• No Avatar in Original Screenplay. Not a problem for most of the Grouches, but interesting that such a juggernaut would miss. 500 Days of Summer also missed and that had seemed like the indie that would break out in a writing category. I suspect not being in the picture for Best Picture hurt it.
  • Hooray for Invictus not making Best Picture even though it appears to be supplanted by the awful The Blind Side.
  • No Makeup nod for District 9 despite the film’s heavy use of prosthetics. Instead the aging makeup for Il Divo and the hairstyles of The Young Victoria get in, along side Star Trek.
  • No Score nod for The Informant! excludes that gem of a film completely.
  • I’m generally happy with the Best Song slate. Thankfully “See You” from Avatar was left off.

Oscar nominations will be announced on February 2. We’re counting down to the big day by offering some hard-hitting analysis and incisive opinions on the toughest questions surrounding the nominees.  One of the great things about nomination morning is that it never fails to surprise.  What strange stuff could we see tomorrow morning?

John:

The Blind Side gets a Best Picture nomination.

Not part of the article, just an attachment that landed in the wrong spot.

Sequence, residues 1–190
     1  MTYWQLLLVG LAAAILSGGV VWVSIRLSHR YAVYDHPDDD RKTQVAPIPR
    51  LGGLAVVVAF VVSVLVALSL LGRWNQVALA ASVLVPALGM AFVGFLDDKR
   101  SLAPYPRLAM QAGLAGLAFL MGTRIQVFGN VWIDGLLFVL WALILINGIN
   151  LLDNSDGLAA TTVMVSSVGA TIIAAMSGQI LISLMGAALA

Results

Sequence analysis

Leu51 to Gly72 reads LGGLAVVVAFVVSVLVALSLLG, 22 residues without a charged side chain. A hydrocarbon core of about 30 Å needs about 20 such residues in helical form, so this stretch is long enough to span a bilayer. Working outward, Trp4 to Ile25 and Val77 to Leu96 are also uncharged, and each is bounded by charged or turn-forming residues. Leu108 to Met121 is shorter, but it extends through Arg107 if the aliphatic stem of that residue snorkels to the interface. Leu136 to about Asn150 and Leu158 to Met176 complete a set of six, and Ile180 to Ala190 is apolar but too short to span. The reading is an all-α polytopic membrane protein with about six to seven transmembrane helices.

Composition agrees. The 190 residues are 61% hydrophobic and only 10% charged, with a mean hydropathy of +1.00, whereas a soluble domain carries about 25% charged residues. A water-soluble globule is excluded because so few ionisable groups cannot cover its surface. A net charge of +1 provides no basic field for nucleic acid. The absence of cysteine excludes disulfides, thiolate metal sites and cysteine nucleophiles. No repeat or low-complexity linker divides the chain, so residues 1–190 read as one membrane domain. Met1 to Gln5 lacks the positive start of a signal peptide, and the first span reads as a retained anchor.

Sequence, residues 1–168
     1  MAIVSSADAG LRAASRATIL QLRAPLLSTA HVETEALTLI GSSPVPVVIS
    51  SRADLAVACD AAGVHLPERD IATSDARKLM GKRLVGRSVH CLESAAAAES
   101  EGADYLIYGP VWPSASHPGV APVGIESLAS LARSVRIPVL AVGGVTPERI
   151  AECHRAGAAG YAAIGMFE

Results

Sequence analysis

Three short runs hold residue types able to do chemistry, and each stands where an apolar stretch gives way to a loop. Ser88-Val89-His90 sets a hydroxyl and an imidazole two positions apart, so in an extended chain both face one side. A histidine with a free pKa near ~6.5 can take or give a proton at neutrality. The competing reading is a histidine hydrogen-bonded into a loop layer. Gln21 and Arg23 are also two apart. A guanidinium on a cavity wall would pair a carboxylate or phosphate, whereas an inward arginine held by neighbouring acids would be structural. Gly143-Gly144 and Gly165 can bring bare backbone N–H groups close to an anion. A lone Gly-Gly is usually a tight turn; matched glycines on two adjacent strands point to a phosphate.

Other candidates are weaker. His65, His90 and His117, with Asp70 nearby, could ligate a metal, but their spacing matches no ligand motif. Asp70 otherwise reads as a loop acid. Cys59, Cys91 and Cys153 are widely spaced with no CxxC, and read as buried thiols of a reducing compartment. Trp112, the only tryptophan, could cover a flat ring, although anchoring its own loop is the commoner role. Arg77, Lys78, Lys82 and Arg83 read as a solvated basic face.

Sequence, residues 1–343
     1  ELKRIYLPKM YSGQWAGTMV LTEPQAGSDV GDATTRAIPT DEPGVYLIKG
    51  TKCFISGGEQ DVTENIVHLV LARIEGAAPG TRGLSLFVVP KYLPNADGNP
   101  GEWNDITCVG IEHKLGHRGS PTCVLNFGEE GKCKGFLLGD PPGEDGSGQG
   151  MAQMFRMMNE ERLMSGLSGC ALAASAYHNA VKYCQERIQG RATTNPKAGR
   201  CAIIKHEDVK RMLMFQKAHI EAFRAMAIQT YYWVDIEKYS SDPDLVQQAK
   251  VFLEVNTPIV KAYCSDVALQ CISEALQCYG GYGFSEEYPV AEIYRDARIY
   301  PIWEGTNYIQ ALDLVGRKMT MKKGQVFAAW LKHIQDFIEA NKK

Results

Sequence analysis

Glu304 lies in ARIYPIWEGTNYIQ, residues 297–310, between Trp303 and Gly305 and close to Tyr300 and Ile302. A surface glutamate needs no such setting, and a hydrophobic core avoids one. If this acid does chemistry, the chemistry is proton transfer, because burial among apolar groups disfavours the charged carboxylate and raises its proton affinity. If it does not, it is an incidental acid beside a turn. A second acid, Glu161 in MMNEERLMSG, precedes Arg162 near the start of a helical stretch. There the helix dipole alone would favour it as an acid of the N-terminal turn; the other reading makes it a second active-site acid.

Clint Eastwood gets a Best Director nomination instead of Lee Daniels.

“The Weary Kind” from Crazy Heart is left off the Original Song list.

Jared:

Oscar sometimes moves in chunks.  So, Crazy Heart picks up a Best Picture nomination, and Maggie Gyllenhaal gets a Best Supporting Actress.

Or, similarly, The Messenger picks up a Best Picture, and Samantha Morton gets a Supporting Actress.

Finally, Nine gets a Best Picture nomination.

Oscar nominations will be announced on February 2. We’re counting down to the big day by offering some hard-hitting analysis and incisive opinions on the toughest questions surrounding the nominees. While no one know for sure what will happen on Tuesday, some nominees are a foregone conclusion. Which lock for a nomination is undeserved?

John: Voters Blind Sided by Bullock

This has been a good year in that I don’t see any real egregious locks. The silly nominations I see coming, like those for Invictus, I wouldn’t really call locks. So let me highlight a few performances that have been on the track to nominations since their films were released. Neither are bad performances and perhaps both are even deserving of nominations. I have trouble understanding how so many people saw these films and immediately thought, “This is so good she’s absolutely sure to get a nomination!”

The first is Sandra Bullock in The Blind Side. I think this is a combination of a name actress who hasn’t received much awards attention in her career, a Southern accent, a big character, and a late-year release date. If any of these components change, does this performance become a lock? It’s a good performance helped by a script that give her lots to work with, but the assumed inevitability of a nomination is puzzling.